The Ministry of Home Affairs (MHA) made a significant announcement on Monday, extending the ban on 11 Meitei armed outfits for another five years under the Unlawful Activities (Prevention) Act, 1967. This decision underscores the government’s commitment to curbing activities detrimental to the sovereignty and integrity of India.
The Outfits in Question
The banned outfits, including the People’s Liberation Army (PLA), Revolutionary People’s Front (RPF), and others such as the People’s Revolutionary Party of Kangleipak (PREPAK) and its armed wing “Red Army,” have long been associated with advocating the secession of Manipur from India through armed struggle.
The decision finds its legal basis in the Unlawful Activities (Prevention) Act, 1967, with the Central government expressing the necessity to declare these Meitei extremist organizations as ‘unlawful associations’ for a prolonged period. This move is a testament to the gravity of their activities and their impact on the nation’s security.
Professed Aims and Activities
These extremist outfits have openly declared their aim of establishing an independent nation by seceding Manipur from India. Their methods involve armed means, including attacks on security forces, police, and civilians. The notification accuses them of engaging in acts of intimidation, extortion, and looting to fund their organizations.
Manipur’s Complex Scenario
Among the eight northeastern states, Manipur stands out with the highest number of active militant outfits. The state shares a 400 km unfenced border with Myanmar, providing a haven for tribal and non-tribal outfits seeking shelter and arms training.
The MHA’s notification highlights the outfits’ connections with foreign sources to garner support, including arms and training, for their secessionist objectives. Additionally, the maintenance of camps in neighboring countries for sanctuaries, training, and clandestine procurement of arms and ammunition raises serious concerns.
Implications and Government’s Efforts
The extended ban aims to curb the outfits’ activities and safeguard the sovereignty and integrity of India. This decision aligns with the government’s ongoing efforts to address militancy in the region.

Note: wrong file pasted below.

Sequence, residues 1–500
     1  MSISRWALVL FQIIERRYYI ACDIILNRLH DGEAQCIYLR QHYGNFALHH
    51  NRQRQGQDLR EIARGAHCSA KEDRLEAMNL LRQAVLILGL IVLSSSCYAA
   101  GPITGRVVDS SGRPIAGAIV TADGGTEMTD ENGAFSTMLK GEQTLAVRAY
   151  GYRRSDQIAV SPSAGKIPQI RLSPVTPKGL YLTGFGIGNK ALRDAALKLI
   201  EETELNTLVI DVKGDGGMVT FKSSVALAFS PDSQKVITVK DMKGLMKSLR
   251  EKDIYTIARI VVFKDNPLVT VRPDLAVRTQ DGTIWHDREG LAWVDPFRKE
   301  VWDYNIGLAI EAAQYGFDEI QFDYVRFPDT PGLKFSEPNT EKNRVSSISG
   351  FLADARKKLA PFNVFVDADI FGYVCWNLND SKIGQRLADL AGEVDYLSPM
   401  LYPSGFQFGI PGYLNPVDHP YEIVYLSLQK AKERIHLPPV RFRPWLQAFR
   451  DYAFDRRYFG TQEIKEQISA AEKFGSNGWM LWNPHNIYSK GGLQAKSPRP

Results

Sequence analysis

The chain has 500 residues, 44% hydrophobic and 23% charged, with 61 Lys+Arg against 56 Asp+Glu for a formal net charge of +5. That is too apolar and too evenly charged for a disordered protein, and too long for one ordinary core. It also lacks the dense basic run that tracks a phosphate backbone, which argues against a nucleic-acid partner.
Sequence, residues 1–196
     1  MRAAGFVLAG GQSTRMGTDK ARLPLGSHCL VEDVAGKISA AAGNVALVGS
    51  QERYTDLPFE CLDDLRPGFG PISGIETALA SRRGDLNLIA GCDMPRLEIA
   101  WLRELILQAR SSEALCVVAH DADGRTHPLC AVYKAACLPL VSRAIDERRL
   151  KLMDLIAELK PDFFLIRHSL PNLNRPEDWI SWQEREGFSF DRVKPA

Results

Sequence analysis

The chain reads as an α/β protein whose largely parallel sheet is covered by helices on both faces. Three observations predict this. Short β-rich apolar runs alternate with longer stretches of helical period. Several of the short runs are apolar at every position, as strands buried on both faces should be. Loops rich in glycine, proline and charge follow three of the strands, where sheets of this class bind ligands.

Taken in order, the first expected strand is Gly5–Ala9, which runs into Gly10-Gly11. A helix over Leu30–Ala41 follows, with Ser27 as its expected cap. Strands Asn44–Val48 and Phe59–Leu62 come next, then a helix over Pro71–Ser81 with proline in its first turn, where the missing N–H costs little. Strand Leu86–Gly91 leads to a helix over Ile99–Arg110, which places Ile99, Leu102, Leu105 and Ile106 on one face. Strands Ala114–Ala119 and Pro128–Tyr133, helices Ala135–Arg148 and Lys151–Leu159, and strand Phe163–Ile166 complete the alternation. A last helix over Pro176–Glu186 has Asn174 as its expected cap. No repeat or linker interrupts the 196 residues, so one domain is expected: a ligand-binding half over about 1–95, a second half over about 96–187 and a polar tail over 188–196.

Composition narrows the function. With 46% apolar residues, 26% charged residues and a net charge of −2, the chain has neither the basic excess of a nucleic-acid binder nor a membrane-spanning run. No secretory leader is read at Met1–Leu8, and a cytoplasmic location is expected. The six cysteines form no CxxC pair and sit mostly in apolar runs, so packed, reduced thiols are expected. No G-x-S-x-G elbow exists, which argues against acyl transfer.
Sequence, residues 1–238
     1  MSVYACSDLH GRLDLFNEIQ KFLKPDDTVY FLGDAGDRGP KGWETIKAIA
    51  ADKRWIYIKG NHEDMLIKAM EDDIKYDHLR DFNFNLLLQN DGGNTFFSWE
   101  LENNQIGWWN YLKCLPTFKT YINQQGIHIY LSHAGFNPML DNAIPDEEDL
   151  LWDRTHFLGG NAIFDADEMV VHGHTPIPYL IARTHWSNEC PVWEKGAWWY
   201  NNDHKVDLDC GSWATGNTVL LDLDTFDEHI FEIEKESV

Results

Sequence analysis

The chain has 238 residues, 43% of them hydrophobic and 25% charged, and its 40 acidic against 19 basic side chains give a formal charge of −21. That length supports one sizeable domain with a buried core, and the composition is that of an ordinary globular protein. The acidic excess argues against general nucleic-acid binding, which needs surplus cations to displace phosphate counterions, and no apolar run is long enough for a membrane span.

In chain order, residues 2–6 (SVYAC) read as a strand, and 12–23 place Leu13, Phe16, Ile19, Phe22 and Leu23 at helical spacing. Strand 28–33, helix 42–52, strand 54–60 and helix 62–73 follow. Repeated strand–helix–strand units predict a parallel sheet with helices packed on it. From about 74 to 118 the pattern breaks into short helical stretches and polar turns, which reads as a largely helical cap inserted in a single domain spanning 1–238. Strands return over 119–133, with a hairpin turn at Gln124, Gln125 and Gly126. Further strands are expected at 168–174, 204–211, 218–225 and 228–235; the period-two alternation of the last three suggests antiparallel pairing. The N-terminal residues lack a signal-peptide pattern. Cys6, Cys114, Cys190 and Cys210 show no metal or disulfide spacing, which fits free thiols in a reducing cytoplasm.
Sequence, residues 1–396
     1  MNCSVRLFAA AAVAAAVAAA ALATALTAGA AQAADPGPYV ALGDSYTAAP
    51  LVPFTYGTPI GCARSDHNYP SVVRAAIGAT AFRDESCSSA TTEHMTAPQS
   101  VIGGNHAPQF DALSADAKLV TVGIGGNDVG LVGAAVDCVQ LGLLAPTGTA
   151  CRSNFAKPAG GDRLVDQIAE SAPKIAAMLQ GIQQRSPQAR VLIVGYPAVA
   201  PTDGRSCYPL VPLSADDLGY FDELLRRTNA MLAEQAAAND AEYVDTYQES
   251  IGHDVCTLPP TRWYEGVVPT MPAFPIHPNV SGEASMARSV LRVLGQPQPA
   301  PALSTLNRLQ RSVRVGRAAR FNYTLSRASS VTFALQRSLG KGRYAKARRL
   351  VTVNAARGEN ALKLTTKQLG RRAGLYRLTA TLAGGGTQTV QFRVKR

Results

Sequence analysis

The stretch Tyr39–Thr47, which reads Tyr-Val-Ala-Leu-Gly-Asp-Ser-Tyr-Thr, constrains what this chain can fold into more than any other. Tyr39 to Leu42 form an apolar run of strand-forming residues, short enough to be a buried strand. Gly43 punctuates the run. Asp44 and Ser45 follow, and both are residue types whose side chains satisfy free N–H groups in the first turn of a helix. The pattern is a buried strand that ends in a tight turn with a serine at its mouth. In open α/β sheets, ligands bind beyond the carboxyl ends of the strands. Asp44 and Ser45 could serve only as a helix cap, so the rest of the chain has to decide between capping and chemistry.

In conclusion, the MHA’s decision to extend the ban on Meitei armed outfits reflects the government’s commitment to national security. The ban serves as a deterrent against activities that pose a threat to the unity of the nation.
Frequently Asked Questions
- Why were these Meitei-armed outfits banned?
- The ban was imposed due to their professed aim of seceding Manipur from India through armed struggle, engaging in attacks, and posing a threat to the sovereignty and integrity of India.
- What is the legal basis for the ban extension?
- The ban extension is rooted in the Unlawful Activities (Prevention) Act, 1967, with the Central government deeming it necessary to declare these outfits as ‘unlawful associations.’
- How does Manipur’s situation contribute to the prevalence of militant outfits?
- Manipur’s proximity to Myanmar, with a 400 km unfenced border, provides an opportunity for outfits to seek shelter and arms training, contributing to the high number of active militant groups.
- What activities are these banned outfits engaged in?
- The outfits are involved in armed means, attacking security forces, police, and civilians. They also engage in acts of intimidation, extortion, and looting to fund their organizations.
- What are the implications of the ban extension?
- The ban aims to curb the outfits’ activities, safeguarding the sovereignty and integrity of India. It aligns with the government’s broader efforts to address militancy in the region.